According to the gospels, Christ cured a leper following the Sermon on the Mount, and in the gospel of Luke (16:19-31) a poor beggar “covered with soars” called Lazarus is scorned by a rich man but finds favor with God. In the Medieval tradition, this man was a leper and Lazarus became the patron saint of lepers. The significance of lepers in the New Testament is twofold. First, leprosy was at the time incurable, so that healing a leper could only be a miracle, a divine act, and Christ demonstrates his divinity by curing the leper. Second, and often overlooked today, lepers were outcasts in Jewish society, prohibited from entering the Temple, so in curing the leper Christ was extending his grace even to outcasts.
By the 4th century AD, Church leaders in both the East and the West had seized upon these biblical references to argue that the greatest Christian virtue was to demonstrate love and charity toward the outcasts of society — something best demonstrated by love for those most commonly rejected in heathen societies: lepers. Within a short space of time, the sufferings of Job were associated with leprosy, and leading theologians reminded the Christian community that each leper (no less than any other man) had been made in God’s image and been redeemed by Christ.
The argument went farther: Disease humbled even the proudest and wealthiest, bringing them closer to God, and no disease did that more thoroughly than leprosy. Far from being a punishment for sin, therefore, leprosy was the ultimate test of righteousness. While the victims were, it was argued, already marked by God for salvation, those willing to show them Christian love and charity would also win the favor of God. Legends started to evolve in which Christ appeared on earth as a leper, and the disease started to be referred to as “the Holy Disease.”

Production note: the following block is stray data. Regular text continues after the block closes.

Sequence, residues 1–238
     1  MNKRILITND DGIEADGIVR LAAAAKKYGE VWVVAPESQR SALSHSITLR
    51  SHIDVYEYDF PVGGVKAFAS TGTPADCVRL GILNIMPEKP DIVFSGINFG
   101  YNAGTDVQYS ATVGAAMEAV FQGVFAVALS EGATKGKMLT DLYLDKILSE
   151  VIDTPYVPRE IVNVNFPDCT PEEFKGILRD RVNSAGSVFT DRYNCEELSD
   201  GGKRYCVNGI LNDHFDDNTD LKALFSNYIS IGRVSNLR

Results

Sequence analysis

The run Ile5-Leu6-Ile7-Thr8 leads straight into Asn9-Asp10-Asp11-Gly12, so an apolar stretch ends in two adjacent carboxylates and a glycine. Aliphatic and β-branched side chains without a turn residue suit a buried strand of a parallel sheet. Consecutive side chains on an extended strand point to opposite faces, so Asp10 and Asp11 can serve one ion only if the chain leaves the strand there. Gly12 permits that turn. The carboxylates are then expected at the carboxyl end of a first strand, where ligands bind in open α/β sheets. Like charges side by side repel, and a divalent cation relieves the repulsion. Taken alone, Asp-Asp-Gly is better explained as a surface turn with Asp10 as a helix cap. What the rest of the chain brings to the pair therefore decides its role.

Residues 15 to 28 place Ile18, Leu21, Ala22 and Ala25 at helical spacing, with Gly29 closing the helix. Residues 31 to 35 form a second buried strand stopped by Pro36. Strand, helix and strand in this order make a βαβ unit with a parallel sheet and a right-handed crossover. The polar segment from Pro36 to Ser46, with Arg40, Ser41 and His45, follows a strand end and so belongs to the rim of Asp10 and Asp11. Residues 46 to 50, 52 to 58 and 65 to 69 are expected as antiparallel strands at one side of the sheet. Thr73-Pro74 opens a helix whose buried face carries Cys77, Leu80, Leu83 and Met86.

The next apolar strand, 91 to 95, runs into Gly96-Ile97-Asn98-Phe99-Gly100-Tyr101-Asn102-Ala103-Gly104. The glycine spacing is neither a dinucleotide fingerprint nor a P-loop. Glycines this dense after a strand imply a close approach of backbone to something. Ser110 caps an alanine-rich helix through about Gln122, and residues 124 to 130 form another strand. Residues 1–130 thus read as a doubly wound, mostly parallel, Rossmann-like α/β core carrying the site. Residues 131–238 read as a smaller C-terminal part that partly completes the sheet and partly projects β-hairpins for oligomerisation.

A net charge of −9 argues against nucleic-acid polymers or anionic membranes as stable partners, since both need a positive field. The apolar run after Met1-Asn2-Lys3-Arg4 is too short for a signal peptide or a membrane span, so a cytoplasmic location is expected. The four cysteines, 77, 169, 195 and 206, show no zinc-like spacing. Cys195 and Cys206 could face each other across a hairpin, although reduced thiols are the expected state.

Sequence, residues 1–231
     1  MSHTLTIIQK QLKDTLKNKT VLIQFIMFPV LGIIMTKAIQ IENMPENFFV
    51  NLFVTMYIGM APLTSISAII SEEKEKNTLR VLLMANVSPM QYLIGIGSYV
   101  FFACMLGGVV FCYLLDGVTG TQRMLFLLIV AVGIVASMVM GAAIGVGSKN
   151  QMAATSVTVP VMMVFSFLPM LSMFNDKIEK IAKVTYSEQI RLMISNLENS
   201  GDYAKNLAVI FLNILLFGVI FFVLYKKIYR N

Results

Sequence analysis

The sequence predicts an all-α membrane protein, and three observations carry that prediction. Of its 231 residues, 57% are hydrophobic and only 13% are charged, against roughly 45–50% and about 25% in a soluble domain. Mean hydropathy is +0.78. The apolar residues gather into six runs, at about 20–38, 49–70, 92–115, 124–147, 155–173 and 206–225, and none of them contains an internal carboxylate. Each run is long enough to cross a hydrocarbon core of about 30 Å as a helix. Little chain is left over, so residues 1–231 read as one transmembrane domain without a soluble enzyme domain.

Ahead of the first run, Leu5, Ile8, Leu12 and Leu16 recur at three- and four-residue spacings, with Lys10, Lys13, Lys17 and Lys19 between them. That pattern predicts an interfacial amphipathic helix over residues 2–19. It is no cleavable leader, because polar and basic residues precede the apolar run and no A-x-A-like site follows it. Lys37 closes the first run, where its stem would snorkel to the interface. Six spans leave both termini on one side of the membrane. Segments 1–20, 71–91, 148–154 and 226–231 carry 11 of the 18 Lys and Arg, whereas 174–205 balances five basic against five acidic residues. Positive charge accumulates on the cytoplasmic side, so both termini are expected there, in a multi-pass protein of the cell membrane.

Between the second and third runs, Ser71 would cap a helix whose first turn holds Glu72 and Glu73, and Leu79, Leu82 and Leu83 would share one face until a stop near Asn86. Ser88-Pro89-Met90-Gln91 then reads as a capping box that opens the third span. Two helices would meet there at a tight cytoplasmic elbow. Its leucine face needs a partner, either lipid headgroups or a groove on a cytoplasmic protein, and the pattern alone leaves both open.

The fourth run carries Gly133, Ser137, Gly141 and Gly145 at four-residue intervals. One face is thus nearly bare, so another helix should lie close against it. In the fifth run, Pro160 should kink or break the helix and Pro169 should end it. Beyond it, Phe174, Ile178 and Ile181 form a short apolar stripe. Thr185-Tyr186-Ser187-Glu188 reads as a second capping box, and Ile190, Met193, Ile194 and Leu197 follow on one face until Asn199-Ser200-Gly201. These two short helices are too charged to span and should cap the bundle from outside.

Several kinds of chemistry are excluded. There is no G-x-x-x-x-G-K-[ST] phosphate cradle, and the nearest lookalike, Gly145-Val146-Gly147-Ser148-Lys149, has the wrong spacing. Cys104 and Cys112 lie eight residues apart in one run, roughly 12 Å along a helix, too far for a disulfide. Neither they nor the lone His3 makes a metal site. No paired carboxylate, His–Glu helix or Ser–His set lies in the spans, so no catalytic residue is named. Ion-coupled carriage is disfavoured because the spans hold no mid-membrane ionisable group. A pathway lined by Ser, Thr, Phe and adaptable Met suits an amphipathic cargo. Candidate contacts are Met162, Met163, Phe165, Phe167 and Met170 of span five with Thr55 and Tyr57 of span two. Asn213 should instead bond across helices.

Furthermore, early Christian advocates of leprosy as divine grace did more than preach; they led by example. The lives of saints often highlight acts of charity or kindness toward lepers, including kissing them. Likewise, from this period onward, we can trace the development and spread of hospitals especially established for the care of lepers, particularly in the Byzantine Empire. They are recorded in Constantinople itself and all the way to Alexandria. Notably, there was an important leper hospital in Jerusalem as well.
The establishment of leper hospitals enabled the removal of lepers from homes, markets, and work-places and so to a degree isolated lepers from mainstream society. No matter what the Church preached about the Christ-like nature of loving lepers, most ordinary humans preferred not to undergo the ultimate test of holiness by suffering such a debilitating and humiliating disease! A degree of segregation was therefore both rational and understandable. It is also notable, that many of these establishments were large complexes with their own churches, dormitories, kitchens, water reservoirs, orchards and land. People, whether the wealthy relatives of victims of the disease, or men and women anxious to gain credit in heaven were willing to endow leper hospitals or make charitable gifts to them in coin or kind.